alarm. David had turned to the window, and she felt that he had heard
and understood. The silence pressed on her like a dead weight. For
Hilton, this was the crucial moment of his ordeal. He had understood
only too clearly, and this second proof of the harm a petty sin could
radiate struck through him the same fiery repulsion which had stung
him to revolt when he quitted Marston's rooms. He flung up the window
and faced the sunset. Strips of black cloud barred it across, and he
noticed, with a minute attention of which he was hardly conscious,
that their lower edges took a colour like the afterglow on a Swiss
rock mountain. The perception sent a riot of associations through his
brain which strengthened his wavering purpose. Must he lose her after
all, he thought; now that he had risen to a true estimation of her
worth? His fancy throned Kate queen of his mountain home, and he
turned towards her, but a light of fear in her eyes stopped the words
on his lips.
"I trust you," she said, simply.
The storm of his passions quieted down. That one sentence just
expressed to him the debt he owed to her. In return--well, he could do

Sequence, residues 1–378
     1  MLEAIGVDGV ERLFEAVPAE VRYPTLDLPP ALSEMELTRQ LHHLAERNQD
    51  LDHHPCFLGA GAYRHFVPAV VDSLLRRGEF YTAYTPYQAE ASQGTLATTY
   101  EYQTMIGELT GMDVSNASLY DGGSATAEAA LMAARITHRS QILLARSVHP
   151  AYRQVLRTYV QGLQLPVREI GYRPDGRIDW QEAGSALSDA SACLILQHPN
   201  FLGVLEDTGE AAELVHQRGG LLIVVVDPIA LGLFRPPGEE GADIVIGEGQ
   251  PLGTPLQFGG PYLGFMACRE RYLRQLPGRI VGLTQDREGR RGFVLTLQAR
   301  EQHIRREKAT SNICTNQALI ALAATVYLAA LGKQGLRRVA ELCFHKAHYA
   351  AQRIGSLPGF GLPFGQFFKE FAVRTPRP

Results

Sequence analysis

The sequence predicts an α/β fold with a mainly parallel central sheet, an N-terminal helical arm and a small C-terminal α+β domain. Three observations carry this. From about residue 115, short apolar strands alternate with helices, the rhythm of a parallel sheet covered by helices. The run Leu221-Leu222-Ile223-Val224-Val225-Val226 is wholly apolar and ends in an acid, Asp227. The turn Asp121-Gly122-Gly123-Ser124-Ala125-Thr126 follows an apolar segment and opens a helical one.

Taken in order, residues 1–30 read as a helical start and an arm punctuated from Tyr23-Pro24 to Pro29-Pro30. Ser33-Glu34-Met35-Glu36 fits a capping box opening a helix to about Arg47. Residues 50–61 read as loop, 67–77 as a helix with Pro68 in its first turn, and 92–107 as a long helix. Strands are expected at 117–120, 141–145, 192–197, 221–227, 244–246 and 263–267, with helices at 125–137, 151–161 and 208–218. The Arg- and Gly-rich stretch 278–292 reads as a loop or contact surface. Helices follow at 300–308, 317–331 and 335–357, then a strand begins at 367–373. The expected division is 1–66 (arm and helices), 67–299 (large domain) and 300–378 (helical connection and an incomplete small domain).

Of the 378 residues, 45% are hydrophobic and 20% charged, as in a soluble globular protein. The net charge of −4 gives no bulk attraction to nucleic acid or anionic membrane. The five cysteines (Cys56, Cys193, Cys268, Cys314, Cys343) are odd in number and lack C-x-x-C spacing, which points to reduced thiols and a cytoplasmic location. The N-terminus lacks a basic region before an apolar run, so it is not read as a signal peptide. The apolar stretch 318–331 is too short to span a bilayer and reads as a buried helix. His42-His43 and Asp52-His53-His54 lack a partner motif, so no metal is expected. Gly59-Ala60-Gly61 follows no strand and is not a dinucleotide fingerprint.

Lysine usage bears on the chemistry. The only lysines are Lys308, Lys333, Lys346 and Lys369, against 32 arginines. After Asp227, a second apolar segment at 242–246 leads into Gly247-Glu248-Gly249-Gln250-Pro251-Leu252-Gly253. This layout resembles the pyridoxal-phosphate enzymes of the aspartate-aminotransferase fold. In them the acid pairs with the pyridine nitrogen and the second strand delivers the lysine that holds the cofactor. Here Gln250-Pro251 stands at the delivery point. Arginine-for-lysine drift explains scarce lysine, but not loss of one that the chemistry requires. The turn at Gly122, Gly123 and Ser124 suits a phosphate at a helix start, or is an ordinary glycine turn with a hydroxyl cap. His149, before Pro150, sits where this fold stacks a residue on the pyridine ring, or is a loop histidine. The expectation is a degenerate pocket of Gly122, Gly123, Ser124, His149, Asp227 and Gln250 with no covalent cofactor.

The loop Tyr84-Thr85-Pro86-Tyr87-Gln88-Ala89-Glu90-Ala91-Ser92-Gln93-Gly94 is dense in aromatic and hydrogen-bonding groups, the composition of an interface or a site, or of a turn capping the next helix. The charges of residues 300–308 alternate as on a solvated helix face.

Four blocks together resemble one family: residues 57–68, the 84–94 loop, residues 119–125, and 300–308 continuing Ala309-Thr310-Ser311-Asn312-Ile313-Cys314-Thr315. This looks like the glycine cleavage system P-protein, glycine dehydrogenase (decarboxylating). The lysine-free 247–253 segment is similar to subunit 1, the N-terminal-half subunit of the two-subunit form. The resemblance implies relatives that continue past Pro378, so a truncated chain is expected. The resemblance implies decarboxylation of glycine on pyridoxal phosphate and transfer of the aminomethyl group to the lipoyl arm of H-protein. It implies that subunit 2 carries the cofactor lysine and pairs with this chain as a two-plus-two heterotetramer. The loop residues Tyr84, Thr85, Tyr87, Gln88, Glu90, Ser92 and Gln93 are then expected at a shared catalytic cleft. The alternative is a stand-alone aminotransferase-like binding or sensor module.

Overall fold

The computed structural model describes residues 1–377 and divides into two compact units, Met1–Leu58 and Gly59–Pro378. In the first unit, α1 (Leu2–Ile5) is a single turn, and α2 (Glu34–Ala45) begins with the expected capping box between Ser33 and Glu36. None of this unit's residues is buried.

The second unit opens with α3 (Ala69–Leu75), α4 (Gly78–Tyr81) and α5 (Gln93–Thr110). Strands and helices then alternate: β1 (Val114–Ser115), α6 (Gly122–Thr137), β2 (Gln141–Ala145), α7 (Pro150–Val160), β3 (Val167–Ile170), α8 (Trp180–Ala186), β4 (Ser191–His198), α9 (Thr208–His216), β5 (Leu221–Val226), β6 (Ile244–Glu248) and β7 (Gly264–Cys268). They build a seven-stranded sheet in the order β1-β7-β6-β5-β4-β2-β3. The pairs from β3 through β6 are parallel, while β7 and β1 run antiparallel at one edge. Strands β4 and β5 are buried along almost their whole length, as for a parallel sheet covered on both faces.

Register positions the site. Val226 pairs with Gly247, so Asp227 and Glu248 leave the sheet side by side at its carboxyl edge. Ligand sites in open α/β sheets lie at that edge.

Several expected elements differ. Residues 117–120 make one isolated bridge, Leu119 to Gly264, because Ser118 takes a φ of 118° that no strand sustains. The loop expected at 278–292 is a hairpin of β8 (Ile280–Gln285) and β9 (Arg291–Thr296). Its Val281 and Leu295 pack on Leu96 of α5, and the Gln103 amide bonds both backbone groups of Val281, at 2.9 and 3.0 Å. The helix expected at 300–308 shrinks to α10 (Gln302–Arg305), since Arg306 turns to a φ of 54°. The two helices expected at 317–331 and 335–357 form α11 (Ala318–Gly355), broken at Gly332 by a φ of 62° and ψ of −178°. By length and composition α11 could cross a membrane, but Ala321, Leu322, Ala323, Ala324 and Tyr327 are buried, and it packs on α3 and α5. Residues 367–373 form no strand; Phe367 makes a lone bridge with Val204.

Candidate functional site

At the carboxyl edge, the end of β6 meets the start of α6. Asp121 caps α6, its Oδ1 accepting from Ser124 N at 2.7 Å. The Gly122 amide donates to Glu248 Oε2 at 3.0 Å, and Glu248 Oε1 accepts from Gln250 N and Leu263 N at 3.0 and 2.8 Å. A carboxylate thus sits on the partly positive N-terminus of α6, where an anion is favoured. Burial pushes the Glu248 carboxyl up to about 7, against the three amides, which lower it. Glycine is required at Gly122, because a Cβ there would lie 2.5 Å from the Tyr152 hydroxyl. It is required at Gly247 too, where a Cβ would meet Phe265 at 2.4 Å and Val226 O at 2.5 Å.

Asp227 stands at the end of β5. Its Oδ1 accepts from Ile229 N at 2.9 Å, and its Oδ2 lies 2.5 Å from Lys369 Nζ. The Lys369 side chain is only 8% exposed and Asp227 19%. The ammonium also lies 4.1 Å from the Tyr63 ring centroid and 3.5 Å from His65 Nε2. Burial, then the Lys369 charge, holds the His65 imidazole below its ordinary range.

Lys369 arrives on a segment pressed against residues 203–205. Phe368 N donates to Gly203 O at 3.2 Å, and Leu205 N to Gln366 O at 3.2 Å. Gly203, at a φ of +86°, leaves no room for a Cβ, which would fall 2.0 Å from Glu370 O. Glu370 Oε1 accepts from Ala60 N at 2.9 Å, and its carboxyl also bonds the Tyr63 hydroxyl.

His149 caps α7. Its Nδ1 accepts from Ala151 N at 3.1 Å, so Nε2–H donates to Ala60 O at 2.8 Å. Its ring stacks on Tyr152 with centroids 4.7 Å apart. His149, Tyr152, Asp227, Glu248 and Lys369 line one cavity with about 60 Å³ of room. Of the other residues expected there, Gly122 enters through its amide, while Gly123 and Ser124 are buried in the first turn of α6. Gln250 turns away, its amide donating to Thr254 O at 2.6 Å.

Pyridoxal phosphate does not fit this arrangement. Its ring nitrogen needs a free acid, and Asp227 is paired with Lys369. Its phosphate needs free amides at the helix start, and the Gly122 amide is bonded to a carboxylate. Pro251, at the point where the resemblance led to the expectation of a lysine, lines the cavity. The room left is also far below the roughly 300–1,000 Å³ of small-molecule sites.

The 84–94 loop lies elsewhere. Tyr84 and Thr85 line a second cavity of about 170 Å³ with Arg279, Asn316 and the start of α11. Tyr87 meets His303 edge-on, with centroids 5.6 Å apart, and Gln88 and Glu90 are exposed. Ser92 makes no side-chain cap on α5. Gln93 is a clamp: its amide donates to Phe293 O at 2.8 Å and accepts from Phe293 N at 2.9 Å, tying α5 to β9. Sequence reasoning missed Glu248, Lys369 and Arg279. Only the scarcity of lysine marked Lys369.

no less than leave her her illusion.
"Good-bye," he said. "All the good that comes to us, somehow, seems to
spring from women like yourself, while we give you nothing but trouble
in return. Even this last misery, which my selfishness has brought to
you, lifts me to breathe a cleaner air."
"He must have forgotten to post it," Mrs. Branscome pleaded.
"Yes; we must believe that. Good-bye!"
For a moment he stayed to watch her white figure, outlined against the
dusk of the room, and then gently closed the door on her. The next
morning David left England, not, however, for Grindelwald. He dreaded
the morbid selfishness which grows from isolation, and sought a
finishing school in the companionship of practical men.
THE TWENTY-KRONER STORY.
The surgeon has a weakness for men who make their living on the sea.
From the skipper of a Dogger Bank fishing-smack to the stoker of a
Cardiff tramp, from Margate 'longshoreman to a crabber of the Stilly
Isles, he embraces them all in a lusty affection. And this not merely
out of his own love of salt water but because his diagnosis reveals
the gentleman in them more surely than in the general run of his
wealthier patients. "A primitive gentleman, if you like," Lincott will
say, "not above tearing his meat with his fingers or wearing the